Do You Really Need to Learn How to Use a Row Counter?

You may be thinking, wow is she for real – of course I know how to use a row counter. I know this may seem like something not worth talking about, or an insult to your abilities. But sometimes in life it’s the small tips that make all the difference to creating the projects we desire. There are times when the pattern instructions read something like “bind off 4 sts at the beg of next 4 rows, then dec 1 st each side every other row 8 times…”. Ultimately you’ll need to develop a system to keep track of your rows, or you will have a meltdown.

I’m a perfectionist and certainly technical, when it comes to knitting my projects. It is important to me that my projects are finished professionally, and my pattern instructions are readable. I can appreciate if you are more of a free-wheeling type, but trying a new approach may make all the difference.

Firstly, what are these tools? Counters tally rows as you knit. They aren’t absolutely essential, pen and paper will suffice. But like any tool, counters make your knitting more efficient. The most common type is a circular, rotary counter that slides onto the end of the needle. The central core is designed to fit a range of needle sizes. A variation of the circular counter has an attached stitch marker, for circular knitting, also known as the universal counter. The universal counter dangles below the stitch marker, and does have a tendency to swing from your needles. I find these rather annoying. A favorite of mine is a peg board, allowing you to keep track of rows, increases, decreases, and stitch pattern repetitions. Other types available include a mini hand held clicker often called “Kacha Kacha”, pendant counters, electronic counters, and software applications.

You have to be conscious of moving the counter after each row is completed. If you have been knitting for awhile, you know simple patterns can be visibly counted. In stockinette stitch, one “V” is a row and in garter stitch one ridge equals 2 rows. But going back to the beginning and counting each time is tedious and inaccurate. As you knit more complicated pattern stitches, this is not easy to do and leads to frustration. It is not only important to count rows, but learn to understand how the pattern stitch evolves, so you can determine what row you’re on if you make a mistake and have to rip back. The following is my system of keeping track of rows.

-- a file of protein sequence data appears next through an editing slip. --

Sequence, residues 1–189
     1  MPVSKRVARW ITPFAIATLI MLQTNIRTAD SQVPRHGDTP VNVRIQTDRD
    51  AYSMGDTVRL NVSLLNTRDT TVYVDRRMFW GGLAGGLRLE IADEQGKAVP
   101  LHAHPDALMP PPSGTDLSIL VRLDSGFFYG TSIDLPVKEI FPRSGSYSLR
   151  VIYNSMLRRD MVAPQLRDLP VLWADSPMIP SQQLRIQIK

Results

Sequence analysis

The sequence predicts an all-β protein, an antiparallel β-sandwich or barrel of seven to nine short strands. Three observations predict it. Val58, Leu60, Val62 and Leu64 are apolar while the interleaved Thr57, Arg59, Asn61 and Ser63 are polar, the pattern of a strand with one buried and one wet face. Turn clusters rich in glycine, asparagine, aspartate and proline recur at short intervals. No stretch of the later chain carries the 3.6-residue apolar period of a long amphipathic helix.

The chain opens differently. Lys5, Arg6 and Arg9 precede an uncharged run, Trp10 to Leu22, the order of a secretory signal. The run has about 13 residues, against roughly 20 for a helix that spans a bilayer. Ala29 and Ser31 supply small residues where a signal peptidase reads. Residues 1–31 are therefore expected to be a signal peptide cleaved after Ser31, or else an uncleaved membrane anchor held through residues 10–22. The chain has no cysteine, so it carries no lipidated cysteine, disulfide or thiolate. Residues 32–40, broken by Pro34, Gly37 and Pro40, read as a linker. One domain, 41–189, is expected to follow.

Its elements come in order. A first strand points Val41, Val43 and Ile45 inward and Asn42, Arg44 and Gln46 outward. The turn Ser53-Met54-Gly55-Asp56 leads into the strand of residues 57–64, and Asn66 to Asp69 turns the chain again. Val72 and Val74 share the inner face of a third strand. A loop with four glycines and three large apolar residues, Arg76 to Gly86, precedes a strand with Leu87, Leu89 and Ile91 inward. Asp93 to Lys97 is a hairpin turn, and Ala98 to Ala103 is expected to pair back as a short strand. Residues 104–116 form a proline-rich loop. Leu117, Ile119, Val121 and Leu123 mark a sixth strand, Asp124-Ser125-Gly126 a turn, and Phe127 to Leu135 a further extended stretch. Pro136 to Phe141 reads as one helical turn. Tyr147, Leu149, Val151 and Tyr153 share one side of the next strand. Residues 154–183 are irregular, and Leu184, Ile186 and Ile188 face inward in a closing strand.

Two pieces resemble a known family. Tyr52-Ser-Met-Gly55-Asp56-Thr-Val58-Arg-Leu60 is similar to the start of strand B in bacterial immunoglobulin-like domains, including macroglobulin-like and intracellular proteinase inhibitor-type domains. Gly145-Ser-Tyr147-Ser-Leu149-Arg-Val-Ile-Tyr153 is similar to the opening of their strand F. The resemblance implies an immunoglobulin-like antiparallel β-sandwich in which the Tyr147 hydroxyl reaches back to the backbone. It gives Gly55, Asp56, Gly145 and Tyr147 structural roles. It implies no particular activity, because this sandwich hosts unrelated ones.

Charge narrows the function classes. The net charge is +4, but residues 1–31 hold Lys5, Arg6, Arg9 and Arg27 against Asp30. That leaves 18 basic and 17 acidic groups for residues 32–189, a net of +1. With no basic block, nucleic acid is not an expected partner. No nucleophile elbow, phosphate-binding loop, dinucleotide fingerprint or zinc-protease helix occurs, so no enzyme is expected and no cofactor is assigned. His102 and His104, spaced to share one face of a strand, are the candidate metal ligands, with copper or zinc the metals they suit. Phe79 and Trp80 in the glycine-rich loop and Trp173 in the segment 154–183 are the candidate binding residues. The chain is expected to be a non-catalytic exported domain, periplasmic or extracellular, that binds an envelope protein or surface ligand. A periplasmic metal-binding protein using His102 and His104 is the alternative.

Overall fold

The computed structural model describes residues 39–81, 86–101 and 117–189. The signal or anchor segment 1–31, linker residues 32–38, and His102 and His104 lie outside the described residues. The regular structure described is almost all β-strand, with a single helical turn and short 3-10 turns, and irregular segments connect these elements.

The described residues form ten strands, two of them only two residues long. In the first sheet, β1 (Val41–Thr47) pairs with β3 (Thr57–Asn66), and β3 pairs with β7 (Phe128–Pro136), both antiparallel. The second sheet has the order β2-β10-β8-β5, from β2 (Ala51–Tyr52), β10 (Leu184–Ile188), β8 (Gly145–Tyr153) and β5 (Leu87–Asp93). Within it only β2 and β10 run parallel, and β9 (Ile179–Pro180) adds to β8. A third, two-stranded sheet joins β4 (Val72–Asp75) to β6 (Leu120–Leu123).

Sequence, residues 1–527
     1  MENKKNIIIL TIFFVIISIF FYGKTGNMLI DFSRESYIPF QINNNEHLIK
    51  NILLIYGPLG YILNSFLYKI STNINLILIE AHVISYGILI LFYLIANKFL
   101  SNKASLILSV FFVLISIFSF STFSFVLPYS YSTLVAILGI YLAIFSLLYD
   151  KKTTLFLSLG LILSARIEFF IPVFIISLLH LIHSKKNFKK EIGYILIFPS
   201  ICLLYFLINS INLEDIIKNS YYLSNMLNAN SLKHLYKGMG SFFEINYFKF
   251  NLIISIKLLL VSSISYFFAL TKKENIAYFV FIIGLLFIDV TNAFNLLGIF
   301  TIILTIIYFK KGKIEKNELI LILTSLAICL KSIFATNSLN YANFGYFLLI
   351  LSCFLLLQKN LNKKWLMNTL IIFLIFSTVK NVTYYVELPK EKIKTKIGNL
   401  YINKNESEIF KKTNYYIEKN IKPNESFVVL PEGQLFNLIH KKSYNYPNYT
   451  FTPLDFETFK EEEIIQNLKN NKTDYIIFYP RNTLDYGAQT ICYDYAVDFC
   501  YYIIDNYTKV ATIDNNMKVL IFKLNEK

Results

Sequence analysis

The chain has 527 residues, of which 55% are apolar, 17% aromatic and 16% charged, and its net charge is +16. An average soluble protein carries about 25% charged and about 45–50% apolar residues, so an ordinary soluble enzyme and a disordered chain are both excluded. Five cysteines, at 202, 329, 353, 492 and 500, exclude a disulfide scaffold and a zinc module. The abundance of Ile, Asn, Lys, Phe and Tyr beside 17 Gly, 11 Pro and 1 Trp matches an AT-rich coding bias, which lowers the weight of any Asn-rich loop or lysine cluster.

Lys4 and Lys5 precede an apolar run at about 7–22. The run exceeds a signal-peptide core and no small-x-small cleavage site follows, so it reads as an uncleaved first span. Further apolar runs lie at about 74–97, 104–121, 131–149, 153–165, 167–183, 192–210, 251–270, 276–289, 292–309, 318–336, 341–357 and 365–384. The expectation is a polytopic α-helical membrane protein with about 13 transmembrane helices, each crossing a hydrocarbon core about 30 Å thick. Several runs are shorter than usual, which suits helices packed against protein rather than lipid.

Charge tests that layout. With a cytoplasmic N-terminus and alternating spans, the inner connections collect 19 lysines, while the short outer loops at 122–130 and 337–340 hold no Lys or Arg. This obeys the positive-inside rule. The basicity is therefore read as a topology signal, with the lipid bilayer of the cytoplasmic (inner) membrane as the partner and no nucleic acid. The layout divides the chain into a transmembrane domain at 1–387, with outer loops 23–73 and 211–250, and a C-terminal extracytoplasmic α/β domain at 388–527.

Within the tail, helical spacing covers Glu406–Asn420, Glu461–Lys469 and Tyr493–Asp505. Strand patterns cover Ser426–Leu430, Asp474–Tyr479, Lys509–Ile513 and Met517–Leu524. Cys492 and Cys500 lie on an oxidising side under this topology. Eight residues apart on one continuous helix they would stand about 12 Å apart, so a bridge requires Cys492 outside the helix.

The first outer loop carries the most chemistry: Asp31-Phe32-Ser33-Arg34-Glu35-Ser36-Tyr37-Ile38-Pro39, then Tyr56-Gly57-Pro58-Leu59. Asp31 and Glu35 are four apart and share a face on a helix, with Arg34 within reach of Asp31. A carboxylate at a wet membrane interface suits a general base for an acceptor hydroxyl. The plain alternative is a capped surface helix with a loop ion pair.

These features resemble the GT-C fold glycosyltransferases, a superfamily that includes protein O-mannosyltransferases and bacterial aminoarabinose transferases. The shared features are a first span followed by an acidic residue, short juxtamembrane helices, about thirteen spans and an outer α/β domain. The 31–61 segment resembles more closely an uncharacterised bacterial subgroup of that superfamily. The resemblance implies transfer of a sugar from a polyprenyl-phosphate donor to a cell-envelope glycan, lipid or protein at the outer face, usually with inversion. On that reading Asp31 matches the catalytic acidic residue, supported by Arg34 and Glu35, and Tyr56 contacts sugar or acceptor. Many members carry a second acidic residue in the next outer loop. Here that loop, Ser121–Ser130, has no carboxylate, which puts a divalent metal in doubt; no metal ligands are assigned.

When beginning a project, I think of odd rows as the right side and even rows as the wrong side of the knitted fabric. For most pattern instructions, the first row is the right side, therefore my reasoning behind odd numbers for right side and even numbers for wrong side. Knitting garments or any project requiring pieces, such as back, front, and sleeves, I count rows for each section of the piece. Most garment patterns begin with the back, so I begin by counting the number of rows to complete the border. I write this number in the instructions, and at the same time I measure the border and record this number. If the border is knit on smaller needles, it will be a different measurement from the gauge. I subtract the border measurement from the total measurement for the piece, to calculate approximately how many rows I need to knit to reach the armhole. I move the counter back to zero and count the number of rows knitted to the armhole, and again write down this number. I repeat this process for the armhole to shoulders. Now, when I go to knit the front, I know how many rows to knit for each section of the piece – the border, border to armhole, and armhole to shoulder. By keeping track of rows, the garment pieces match up row for row, and seaming is much easier.

The project I’m working on now, is knit in simple stockinette stitch, so I’m using a circular counter on my needle. But there is also shaping with decreases and increases along the side edges. In addition to using the counter, I made a chart on paper so I know which row to decrease or increase. If you look at my chart below, when I reach row 15 on the circular counter, I decrease one stitch on both side edges of the back piece. You’ll also notice I use my own shorthand.

Chart to use when counting decreases and increases.

Chart to use when counting decreases and increases.

 

When working multiple charts, or pattern stitches, writing on paper helps to keep track of all the different rows for each pattern stitch, and in addition I use a counter for total rows.

The most important message to take from this, is to count your rows, whatever system you devise. But when the frustration sets in, I guarantee that you won’t get lost and all your pieces will fit together with ease. So toss a counter, along with your pen and paper in your toolbox!

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